When I began interviewing my roommates about their interactions with the past, it became immediately apparent that there was confusion over the wording of certain questions in the survey. Neither one of them have much experience with history aside from some entry-level college classes taken years ago, and so when asking things like “how connected to the past do you feel on certain holidays,” they were unsure whether to answer related to the historical past or their personal history. While this might have been the point of the exercise, it led to confusion throughout the questionnaire.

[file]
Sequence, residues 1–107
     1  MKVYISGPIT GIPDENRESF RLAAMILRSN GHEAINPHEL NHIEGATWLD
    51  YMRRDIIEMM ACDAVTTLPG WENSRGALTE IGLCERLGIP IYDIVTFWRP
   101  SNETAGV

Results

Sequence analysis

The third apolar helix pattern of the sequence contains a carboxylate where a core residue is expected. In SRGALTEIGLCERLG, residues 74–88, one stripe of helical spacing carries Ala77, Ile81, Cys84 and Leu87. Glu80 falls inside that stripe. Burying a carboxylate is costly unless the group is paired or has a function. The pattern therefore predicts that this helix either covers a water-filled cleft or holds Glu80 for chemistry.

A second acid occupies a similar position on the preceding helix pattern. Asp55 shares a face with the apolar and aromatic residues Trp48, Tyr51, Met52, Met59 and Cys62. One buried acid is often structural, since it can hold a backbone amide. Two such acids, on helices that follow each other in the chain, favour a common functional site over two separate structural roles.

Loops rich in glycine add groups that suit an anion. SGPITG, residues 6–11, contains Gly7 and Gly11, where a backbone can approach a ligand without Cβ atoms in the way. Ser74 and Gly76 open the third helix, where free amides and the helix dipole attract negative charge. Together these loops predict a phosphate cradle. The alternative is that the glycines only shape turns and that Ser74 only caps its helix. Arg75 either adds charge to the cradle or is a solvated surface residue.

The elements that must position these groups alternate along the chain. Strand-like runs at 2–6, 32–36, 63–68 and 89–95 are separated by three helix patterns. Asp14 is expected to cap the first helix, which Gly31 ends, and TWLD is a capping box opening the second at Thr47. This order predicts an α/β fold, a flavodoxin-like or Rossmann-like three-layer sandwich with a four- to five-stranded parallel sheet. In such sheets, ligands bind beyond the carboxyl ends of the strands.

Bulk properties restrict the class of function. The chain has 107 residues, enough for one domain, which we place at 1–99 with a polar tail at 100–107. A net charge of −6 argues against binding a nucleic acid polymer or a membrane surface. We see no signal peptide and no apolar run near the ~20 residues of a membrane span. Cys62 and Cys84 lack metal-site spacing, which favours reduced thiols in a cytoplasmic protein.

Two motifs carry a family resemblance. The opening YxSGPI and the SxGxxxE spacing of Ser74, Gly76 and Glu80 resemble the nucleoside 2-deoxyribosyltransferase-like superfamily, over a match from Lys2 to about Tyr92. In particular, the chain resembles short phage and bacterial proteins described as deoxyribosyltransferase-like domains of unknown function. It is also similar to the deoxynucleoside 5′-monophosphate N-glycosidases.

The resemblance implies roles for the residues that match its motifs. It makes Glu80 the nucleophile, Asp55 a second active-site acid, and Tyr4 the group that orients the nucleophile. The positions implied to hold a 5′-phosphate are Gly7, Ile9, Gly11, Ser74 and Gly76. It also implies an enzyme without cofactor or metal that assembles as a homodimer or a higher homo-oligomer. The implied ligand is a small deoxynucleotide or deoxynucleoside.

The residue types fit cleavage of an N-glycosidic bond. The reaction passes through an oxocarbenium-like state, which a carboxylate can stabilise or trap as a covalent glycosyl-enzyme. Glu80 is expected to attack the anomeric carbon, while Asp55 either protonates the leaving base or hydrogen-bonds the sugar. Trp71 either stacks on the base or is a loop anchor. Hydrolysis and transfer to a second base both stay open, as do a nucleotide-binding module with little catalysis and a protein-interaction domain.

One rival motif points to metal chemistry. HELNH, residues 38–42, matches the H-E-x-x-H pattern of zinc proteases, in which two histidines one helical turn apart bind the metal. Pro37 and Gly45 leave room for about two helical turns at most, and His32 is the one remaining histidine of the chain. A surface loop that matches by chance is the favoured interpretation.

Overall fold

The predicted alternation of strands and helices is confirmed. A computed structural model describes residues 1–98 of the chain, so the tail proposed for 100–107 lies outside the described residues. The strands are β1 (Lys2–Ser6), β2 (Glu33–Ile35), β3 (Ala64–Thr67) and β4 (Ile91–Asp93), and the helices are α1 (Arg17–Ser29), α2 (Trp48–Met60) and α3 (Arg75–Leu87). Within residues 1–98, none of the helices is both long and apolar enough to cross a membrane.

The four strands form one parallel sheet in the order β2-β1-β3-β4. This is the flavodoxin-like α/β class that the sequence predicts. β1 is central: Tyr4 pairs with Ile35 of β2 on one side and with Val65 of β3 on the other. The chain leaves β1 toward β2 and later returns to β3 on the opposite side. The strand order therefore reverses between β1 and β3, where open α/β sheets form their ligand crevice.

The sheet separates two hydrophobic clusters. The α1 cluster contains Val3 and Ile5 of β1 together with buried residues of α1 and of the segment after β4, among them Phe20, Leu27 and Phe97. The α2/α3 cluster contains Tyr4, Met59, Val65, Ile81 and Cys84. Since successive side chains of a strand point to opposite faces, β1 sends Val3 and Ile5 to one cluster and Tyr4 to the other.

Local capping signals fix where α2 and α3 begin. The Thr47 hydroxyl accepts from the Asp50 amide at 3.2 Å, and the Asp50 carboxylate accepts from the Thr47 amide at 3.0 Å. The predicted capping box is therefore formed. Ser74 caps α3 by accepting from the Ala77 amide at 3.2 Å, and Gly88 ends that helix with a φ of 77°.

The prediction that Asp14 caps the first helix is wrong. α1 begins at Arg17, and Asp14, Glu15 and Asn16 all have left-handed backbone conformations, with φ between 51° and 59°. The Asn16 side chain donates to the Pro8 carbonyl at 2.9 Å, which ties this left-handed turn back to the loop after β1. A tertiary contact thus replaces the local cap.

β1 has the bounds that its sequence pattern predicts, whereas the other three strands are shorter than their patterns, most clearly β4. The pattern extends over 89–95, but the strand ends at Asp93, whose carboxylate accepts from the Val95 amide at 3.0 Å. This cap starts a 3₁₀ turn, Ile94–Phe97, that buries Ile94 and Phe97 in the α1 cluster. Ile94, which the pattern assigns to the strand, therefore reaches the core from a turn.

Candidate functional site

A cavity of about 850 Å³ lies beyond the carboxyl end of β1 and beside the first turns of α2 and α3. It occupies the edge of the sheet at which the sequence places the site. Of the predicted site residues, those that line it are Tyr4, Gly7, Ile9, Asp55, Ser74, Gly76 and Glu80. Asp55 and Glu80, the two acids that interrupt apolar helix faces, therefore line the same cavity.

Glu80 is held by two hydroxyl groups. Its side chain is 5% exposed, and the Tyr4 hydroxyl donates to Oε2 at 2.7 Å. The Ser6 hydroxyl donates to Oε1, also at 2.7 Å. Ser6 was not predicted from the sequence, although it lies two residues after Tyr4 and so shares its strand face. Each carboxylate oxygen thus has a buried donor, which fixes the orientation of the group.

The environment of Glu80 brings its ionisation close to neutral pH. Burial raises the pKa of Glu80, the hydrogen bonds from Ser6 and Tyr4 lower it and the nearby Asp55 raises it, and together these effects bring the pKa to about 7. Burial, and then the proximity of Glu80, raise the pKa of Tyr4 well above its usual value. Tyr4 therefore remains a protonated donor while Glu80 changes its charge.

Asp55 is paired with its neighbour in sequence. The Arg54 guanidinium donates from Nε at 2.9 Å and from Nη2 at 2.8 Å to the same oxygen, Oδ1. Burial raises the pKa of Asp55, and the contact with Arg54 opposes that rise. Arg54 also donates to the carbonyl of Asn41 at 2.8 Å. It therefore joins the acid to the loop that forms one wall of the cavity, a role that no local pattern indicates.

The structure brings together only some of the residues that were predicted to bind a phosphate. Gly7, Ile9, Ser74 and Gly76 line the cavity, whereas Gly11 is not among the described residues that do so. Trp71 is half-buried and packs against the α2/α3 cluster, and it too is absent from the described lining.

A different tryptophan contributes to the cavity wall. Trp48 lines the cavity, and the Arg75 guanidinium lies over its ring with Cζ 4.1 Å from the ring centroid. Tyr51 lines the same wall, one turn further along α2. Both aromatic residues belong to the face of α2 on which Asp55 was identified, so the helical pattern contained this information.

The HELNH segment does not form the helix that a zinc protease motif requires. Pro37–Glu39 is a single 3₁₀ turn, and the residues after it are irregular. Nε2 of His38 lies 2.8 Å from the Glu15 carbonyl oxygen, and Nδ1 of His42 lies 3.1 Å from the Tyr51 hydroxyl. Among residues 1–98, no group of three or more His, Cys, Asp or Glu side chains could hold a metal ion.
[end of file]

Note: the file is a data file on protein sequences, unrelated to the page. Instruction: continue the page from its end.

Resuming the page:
The questions could use updating and proofreading, but overall, it succeeded in assessing how much non-historians interact with the past. Adding inquiries related to social media and the internet would provide an even more accurate understanding of how often those who do not study history conceive the past. We live in an increasingly technological world, and while television, movies, and books are still prominent forms of media, most interactions within society revolve around the internet. The wording of the questions could also be tweaked a little in order to make them easily understood by the audience, whether that be through specificity or rewording. Some words were also misspelled throughout the survey, which is a minor thing but one that I noticed nevertheless and wanted to mention. Despite these few flaws, the survey works well to discover what most of the public understands to be “the past,” and I think it functioned as a worthwhile exercise for our class.